Chard is one of a growing number of common, yet often overlooked greens lurking at your grocer. Sometimes called Swiss chard or rainbow chard (when it sports brightly colored stalks), it is a relative of the beet.
The taste depends on which part you eat. The large, firm leaves are mild, sweet, earthy and just slightly bitter, a bit milder than spinach. The stalks — which can be white, yellow, red, purple, pink, striped, and so on — resemble flat celery with a sweet taste slightly reminiscent of beets.
When shopping for chard, look for bright, firm leaves and stalks. Wrapped in plastic and refrigerated, it will keep for two to four days.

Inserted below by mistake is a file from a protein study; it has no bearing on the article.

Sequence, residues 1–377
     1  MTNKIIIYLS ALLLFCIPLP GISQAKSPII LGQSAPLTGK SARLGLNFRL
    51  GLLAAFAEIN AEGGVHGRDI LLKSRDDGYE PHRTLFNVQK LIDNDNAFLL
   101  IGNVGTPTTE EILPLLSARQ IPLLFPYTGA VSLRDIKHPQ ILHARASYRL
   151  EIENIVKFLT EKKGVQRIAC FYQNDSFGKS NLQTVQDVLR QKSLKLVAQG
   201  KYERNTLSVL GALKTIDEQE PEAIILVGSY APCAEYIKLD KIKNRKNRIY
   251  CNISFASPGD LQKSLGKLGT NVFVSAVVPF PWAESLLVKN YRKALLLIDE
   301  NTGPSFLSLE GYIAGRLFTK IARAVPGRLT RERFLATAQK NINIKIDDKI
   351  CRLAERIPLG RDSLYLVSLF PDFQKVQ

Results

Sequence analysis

You can use the leaves as you would spinach, and use the stalks as you would asparagus, but I prefer to roughly chop the leaves and finely chop the thicker stalks; this helps the two parts cook in about the same time. And I enjoy the contrast between the more tender leaves and crunchier stalks.
Generally, any flavor that works well with spinach will partner with chard, including butter, lemon, cream, garlic, shallots and vinaigrette. In fact, if you do nothing more than briefly steam or saute chopped chard, then toss it with any (or any combination) of those, you’ll have a great side dish.
In Spain and Portugal, for example, chard is sauteed with olive oil, garlic, pine nuts and sometimes raisins, then dressed with lemon juice.
— J.M. Hirsch